Eugenic Evolution For Combinatorial Optimization (1998)
In the past several years, evolutionary algorithms such as simulated annealing and the genetic algorithm have received increasing recognition for their ability to optimize arbitrary functions. These algorithms rely on the process of Darwinian evolution, which promotes highly successful solutions that result from random variation. This variation is produced by the random operators of mutation and/or recombination. These operators make no attempt to determine which alleles or combinations of alleles are most likely to yield overall fitness improvement. This thesis will explore the benefits that can be gained by utilizing a direct analysis of the correlations between fitness and alleles or allele combinations to intelligently and purposefully design new highly-fit solutions. An algorithm is developed in this thesis that explicitly analyzes allele-fitness distributions and then uses the information gained from this analysis to purposefully construct new individuals bit by bit''. Explicit measurements of gene significance'' (the effect of a particular gene upon fitness) allows the algorithm to adaptively decide when conditional allele-fitness distributions are necessary in order to correctly track important allele interactions. A new operator---the restriction'' operator---allows the algorithm to simply and quickly compute allele selection probabilities using these conditional fitness distributions. The resulting feedback from the evaluation of new individuals is used to update the statistics and therefore guide the creation of increasingly better individuals. Since explicit analysis and creation is used to guide this evolutionary process, it is not a form of Darwinian evolution. It is a pro-active, contrived process that attempts to intelligently create better individuals through the use of a detailed analysis of historical data. It is therefore a eugenic evolutionary process, and thus this algorithm is called the Eugenic Algorithm'' (EuA). The EuA was tested on a number of benchmark problems (some of which are NP-complete) and compared to widely recognized evolutionary optimization techniques such as simulated annealing and genetic algorithms. The results of these tests are very promising, as the EuA optimized all the problems at a very high level of performance, and did so much more consistently than the other algorithms. In addition, the operation of EuA was very helpful in illustrating the structure of the test problems. The development of the EuA is a very significant step to statistically justified combinatorial optimization, paving the way to the creation of optimization algorithms that make more intelligent use of the information that is available to them. This new evolutionary paradigm, eugenic evolution will lead to faster and more accurate combinatorial optimization and to a greater understanding of the structure of combinatorial optimization problems.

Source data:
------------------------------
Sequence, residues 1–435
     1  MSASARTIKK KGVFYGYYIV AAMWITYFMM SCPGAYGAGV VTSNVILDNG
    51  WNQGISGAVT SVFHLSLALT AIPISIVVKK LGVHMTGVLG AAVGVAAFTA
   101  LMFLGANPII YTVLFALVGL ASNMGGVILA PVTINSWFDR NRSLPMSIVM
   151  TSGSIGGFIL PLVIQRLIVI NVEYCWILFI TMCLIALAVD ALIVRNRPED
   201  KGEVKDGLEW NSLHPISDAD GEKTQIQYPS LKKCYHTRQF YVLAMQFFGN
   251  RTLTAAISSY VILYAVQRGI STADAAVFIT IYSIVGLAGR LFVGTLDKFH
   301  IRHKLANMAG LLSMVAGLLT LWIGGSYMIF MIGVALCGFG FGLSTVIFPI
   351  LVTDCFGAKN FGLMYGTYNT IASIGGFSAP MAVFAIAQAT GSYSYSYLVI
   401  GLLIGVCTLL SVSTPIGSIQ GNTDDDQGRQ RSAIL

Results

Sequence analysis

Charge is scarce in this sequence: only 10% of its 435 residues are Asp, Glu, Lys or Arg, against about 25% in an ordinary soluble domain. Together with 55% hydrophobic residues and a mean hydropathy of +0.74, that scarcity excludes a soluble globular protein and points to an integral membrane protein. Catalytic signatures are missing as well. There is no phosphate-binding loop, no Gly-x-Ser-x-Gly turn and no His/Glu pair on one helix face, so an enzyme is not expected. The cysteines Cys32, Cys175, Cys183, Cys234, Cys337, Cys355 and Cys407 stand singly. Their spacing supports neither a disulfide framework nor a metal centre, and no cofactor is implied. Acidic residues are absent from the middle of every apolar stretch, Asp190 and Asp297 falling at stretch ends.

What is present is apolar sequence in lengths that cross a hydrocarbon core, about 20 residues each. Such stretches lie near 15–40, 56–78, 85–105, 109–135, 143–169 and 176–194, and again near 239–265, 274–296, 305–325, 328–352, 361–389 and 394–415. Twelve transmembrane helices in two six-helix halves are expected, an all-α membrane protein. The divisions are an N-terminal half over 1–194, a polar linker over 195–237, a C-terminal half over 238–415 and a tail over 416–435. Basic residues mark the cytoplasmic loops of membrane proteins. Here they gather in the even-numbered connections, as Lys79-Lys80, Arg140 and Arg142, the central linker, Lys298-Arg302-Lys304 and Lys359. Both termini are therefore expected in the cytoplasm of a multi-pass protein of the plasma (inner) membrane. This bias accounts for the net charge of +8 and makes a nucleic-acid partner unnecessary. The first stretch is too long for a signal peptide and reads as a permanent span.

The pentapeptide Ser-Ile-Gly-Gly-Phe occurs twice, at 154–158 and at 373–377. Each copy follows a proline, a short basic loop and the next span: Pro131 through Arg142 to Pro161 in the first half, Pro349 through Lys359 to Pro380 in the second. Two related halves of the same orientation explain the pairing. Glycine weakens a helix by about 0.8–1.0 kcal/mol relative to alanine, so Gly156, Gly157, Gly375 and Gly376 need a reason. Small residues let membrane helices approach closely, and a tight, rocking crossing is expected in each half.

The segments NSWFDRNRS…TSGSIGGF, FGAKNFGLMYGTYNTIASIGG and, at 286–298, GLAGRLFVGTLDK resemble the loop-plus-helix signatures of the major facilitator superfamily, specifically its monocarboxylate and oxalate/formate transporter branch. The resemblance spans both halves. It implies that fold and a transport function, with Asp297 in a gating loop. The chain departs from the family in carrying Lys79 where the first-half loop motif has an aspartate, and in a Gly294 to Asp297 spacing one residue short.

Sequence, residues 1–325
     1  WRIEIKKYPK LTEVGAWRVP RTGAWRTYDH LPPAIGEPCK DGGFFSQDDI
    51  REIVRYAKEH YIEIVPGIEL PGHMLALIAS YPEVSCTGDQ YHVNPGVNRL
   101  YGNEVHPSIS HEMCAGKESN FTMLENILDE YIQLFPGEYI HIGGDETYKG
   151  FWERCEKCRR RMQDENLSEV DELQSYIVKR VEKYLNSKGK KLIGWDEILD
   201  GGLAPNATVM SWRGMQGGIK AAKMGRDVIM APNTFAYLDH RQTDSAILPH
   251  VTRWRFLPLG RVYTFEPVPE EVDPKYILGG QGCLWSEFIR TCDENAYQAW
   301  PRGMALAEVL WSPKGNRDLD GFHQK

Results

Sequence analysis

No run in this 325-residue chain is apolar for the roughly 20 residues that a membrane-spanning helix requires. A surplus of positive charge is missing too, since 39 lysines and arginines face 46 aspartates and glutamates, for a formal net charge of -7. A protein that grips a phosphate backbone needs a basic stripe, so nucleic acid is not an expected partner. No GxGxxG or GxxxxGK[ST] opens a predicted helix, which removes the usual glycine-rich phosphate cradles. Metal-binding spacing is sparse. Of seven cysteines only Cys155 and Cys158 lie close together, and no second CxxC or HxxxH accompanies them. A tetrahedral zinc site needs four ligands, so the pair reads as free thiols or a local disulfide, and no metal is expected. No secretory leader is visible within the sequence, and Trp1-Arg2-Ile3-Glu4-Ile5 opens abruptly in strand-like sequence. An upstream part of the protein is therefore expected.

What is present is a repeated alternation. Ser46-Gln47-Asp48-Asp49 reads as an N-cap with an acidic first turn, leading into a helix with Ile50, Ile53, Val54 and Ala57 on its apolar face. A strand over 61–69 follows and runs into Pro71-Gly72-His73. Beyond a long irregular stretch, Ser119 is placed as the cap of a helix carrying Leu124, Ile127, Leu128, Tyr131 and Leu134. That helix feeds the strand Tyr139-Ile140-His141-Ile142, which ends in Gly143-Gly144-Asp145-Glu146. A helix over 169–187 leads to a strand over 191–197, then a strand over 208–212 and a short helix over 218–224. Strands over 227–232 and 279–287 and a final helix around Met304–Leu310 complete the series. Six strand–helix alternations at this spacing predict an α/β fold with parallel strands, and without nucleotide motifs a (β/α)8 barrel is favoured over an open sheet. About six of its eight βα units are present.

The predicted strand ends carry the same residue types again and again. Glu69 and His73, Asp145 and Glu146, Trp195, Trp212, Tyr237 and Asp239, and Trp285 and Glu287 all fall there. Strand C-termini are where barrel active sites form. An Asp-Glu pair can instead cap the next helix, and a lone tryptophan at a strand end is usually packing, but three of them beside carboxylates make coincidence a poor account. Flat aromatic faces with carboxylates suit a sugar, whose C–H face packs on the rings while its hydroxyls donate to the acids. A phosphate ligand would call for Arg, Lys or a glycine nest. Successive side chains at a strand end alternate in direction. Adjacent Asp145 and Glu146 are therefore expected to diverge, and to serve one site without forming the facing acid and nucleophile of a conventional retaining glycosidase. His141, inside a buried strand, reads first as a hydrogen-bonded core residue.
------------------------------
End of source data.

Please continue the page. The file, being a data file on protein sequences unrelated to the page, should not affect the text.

Masters Thesis, Department of Computer Sciences, The University of Texas at Austin, 1998. 126. Technical Report AI98-268.

John Prior Masters Alumni jprior [at] cs utexas edu